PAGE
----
Subjects with diabetes mellitus (DM) have an increased risk of arterial thrombosis, to which changes in clot structure and mechanics may contribute. Another contributing factor might be an increased formation of neutrophil extracellular traps (NETs) in DM. NETs are mainly formed during the acute phase of disease and form a network within the fibrin matrix, thereby influencing clot properties. Previous research has shown separate effects of NETs and DM on clot properties, therefore our aim was to study how DM affects clot properties in a model resembling an acute phase of disease with NETs formation. Clots were prepared from citrated plasma from subjects with and without DM with the addition of NETs, induced in neutrophils by S. aureus bacteria or phorbol myristate acetate (PMA). Structural parameters were measured using scanning electron microscopy, mechanical properties using rheology, and sensitivity to lysis using a fluorescence-based fibrinolysis assay. Plasma clots from subjects with DM had significantly thicker fibers and fewer pores and branch points than clots from subjects without DM. In addition, fibrinolysis was significantly slower, while mechanical properties were similar between both groups. In conclusion, in a model of acute NETs formation, DM plasma shows prothrombotic effects on fibrin clots.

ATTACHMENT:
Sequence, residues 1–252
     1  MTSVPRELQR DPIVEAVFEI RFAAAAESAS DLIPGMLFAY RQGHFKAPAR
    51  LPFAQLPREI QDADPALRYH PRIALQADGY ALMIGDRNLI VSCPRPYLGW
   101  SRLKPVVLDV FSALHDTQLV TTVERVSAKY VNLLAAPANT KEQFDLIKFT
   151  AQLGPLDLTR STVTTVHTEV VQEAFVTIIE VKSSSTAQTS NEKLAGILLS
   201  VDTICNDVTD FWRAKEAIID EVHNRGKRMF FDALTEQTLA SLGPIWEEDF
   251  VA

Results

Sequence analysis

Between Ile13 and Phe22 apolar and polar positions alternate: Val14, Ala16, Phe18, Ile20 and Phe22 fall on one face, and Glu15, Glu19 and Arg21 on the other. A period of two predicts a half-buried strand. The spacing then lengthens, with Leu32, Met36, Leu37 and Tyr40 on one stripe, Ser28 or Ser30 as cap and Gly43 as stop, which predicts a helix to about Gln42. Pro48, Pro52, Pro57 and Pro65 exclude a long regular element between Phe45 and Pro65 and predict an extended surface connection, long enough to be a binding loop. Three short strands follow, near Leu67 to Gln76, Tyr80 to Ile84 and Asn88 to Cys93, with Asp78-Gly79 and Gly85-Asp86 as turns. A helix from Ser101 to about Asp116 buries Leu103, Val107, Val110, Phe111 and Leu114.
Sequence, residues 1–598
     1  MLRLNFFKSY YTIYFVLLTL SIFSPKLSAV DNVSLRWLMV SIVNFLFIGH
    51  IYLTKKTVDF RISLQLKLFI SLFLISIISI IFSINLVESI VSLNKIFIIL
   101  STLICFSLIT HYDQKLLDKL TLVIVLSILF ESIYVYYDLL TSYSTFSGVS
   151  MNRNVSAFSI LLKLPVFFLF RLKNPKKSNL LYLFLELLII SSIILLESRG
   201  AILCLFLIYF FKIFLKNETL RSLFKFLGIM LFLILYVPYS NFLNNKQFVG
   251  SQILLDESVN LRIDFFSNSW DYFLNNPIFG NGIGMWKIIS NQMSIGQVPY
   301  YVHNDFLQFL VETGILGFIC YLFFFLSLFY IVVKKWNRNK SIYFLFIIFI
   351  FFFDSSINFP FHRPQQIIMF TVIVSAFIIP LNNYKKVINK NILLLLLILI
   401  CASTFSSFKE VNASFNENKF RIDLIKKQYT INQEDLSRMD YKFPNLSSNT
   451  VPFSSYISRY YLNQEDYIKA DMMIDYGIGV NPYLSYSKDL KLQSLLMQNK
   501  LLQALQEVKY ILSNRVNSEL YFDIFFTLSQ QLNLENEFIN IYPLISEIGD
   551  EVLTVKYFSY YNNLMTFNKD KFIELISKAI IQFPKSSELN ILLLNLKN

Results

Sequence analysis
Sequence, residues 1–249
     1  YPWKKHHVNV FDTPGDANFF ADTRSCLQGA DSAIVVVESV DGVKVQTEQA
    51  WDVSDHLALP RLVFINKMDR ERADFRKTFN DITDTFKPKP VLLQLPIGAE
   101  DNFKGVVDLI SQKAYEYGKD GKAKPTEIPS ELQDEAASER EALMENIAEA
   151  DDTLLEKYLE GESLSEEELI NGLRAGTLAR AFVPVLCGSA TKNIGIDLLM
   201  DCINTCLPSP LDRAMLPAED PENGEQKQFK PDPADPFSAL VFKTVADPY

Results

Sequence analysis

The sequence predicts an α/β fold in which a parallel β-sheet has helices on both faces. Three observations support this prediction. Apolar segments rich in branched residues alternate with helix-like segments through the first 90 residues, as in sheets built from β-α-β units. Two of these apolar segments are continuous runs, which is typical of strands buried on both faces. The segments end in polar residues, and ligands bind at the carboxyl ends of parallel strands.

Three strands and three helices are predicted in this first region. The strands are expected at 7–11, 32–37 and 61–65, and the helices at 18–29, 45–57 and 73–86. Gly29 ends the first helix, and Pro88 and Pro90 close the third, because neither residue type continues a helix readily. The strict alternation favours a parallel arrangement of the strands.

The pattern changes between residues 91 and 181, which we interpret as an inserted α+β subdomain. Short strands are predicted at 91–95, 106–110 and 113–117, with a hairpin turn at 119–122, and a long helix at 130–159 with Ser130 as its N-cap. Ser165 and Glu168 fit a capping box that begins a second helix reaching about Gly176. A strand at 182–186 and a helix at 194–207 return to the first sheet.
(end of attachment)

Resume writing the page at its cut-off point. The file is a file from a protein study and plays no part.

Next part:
- Arterial thrombosis
- Diabetes mellitus
- Neutrophil extracellular traps